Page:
Comfort Vs. Support – How They Differ From Each Other!
I used to hate it when customers would come into the place that I worked and say, “I am looking for comfortable shoes!” Great! And that means what?? You want Ferragamos? Mephistos? Or comfort under $100 like Kenneth Coles?? The thing is, comfort is so subjective!!! What’s comfortable to me is most likely not going to be what is comfortable for you. So unless the customer gave me the ‘show me what you have’ line, I would try and just sit them down so that I could bring them out a selection and sell them what my definition of comfort is, SUPPORT!! Comfort is great, if you want to walk around your carpeted house. But for every other physical activity (this includes walking), you need support, NOT JUST SOMETHING CUSHY AND COMFORTABLE!! And while this may seem obvious, you would be surprised of how many people don’t realize this and why brands like Ecco — built for comfort, not support — are the #1 selling shoe brand for the companies that carry them.
So how do they differ, you might ask?? Well let’s take the shoe directly above and examine it. Now, it may be hard to tell but considering that I have held this shoe at least a million times, you can take my word for it; this shoe was made using a pretty flat last. “What is a last?” It is the mold that represents the foot that a shoe is made around. “What do you mean by flat?” From the ball of the foot to the heel, there is almost no height difference. That translates into not having any arch. Without the arch, there is not any support. You are just left with the great marketing scheme telling you that this rubber soled shoe with it’s Nike Air technology is super comfortable and supportive and will have you feeling great all day long. Bullshit! Sure you have some cushion, but the lack of support in the long run is going to allow your feet to pronate more and more which causes you to overwork them increasing your chance of injury and fatigue. Naturally the feet will pronate and that’s why arch support, stiff mid-soles and a good heel counter are the things that you want in your shoes to help you reduce the chances of over-pronation.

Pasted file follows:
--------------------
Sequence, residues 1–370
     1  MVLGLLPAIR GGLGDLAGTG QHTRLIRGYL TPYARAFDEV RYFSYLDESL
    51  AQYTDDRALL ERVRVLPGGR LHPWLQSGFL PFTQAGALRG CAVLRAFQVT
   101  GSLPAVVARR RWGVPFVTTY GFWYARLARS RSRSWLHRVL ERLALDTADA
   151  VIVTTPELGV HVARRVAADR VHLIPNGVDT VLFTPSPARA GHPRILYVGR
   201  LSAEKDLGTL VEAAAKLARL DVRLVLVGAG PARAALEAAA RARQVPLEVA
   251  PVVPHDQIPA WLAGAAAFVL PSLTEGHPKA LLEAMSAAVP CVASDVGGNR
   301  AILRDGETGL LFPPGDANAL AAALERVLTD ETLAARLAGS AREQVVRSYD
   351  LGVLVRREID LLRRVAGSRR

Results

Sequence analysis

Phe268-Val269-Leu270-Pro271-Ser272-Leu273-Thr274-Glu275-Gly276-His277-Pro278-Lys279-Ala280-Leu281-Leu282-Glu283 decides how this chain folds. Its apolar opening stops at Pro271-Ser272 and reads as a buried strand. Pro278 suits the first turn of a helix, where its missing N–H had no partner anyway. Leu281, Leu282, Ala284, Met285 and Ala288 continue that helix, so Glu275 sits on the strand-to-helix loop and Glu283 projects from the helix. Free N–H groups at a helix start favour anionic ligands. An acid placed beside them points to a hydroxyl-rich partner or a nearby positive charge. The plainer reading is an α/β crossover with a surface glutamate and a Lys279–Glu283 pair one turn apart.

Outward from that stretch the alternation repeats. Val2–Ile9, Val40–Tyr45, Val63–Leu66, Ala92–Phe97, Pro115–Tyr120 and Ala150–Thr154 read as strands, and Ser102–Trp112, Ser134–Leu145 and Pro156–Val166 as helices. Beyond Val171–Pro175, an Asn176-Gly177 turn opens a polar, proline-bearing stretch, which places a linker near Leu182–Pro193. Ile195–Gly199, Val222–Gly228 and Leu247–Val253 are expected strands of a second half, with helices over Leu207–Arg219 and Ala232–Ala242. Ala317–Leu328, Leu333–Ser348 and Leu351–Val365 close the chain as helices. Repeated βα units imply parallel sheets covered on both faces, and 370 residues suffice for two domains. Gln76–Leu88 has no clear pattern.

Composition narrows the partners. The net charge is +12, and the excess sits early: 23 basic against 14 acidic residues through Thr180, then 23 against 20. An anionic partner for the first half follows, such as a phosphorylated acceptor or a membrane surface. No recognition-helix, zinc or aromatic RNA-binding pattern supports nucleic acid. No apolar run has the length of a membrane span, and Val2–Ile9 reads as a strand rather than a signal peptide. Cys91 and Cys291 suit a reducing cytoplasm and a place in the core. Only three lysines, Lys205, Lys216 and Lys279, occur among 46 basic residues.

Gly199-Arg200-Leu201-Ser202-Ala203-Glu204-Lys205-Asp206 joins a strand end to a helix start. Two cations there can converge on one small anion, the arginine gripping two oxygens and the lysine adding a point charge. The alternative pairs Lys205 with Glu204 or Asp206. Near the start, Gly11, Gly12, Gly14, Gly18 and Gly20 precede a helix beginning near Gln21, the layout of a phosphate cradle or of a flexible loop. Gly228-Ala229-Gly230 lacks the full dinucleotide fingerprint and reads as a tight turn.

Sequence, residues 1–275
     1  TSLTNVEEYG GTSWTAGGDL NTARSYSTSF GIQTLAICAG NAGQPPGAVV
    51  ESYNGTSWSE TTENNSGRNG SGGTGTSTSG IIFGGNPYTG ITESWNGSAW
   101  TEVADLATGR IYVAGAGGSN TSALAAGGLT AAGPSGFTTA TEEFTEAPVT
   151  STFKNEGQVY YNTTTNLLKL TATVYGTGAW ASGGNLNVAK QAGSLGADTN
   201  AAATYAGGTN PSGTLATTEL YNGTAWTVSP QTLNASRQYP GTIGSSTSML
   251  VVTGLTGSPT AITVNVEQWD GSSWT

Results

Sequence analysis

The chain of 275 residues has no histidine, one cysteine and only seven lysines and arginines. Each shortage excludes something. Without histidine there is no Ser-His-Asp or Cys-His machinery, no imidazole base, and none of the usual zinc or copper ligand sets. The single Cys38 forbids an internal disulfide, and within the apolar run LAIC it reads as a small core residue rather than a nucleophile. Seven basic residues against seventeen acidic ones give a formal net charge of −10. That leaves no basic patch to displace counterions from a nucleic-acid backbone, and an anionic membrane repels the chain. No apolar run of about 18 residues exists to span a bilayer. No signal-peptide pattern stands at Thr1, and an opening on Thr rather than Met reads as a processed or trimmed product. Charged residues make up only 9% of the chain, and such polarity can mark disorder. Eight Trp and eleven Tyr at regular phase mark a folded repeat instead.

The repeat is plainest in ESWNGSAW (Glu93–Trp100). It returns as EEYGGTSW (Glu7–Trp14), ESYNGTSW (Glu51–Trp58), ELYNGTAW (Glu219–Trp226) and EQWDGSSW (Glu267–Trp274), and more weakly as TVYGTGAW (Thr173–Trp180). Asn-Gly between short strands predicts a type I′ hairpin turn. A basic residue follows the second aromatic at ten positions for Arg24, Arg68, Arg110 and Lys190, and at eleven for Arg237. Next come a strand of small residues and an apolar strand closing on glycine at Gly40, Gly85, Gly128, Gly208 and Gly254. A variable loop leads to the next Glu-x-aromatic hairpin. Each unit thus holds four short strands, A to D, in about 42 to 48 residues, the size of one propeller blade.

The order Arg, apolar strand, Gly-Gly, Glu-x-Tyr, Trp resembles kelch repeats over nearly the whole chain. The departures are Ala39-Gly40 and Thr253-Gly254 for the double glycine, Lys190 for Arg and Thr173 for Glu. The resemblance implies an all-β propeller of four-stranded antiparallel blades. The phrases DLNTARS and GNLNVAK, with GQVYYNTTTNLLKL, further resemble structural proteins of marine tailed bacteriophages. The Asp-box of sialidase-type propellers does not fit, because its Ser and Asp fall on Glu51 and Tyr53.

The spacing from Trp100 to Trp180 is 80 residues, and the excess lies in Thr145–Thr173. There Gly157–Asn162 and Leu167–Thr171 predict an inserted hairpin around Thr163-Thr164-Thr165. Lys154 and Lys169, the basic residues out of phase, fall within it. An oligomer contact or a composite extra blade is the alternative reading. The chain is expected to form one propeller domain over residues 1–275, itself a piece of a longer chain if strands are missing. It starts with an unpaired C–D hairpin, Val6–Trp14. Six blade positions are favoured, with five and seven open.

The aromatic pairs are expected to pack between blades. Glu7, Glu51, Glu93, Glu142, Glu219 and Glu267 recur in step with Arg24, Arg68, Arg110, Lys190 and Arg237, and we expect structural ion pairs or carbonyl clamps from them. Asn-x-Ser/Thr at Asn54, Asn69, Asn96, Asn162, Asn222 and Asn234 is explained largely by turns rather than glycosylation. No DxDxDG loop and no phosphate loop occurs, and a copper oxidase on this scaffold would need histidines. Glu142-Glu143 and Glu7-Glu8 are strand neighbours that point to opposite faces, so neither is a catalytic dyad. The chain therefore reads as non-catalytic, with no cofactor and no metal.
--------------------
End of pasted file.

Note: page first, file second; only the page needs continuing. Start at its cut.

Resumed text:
If you take a look at the shoe at the top of this post, you will notice the difference in height from where the heel sits to where the ball of the foot begins. It is quite evident how the last must have looked. The problem whether knowing a shoe was made with this type of last or a flat one, is not always easily noticeable. Like the Ecco above and all shoes for that matter, there needs to be some sort of heel put on the shoe. The mere fact that there is a heel will give you the illusion that the heel and ball of foot sit in different places, which they do looking at the outside of the shoe. But that still does not mean that the last had an arch. To tell, you will need to look inside of the shoe and see if you notice some sort of slope downwards from the heel to the toe area. If you do notice this, then chances are, the last was made with arch support. From my experience, any shoe that has a removable liner was made with a flat last and may be a “comfortable” shoe but sure enough won’t be a supportive one. For me, Ferragamos are one of the most comfortable and supportive shoes off of the rack because they fit my long arch and narrow foot and to me this is better than any amount of cushion. So the next time you go into a store to get shoes, ask yourself first whether you want cushion or support and then ask the salesman accordingly. The sad truth, however, is that almost all supportive shoes are also the one’s with the higher price tickets.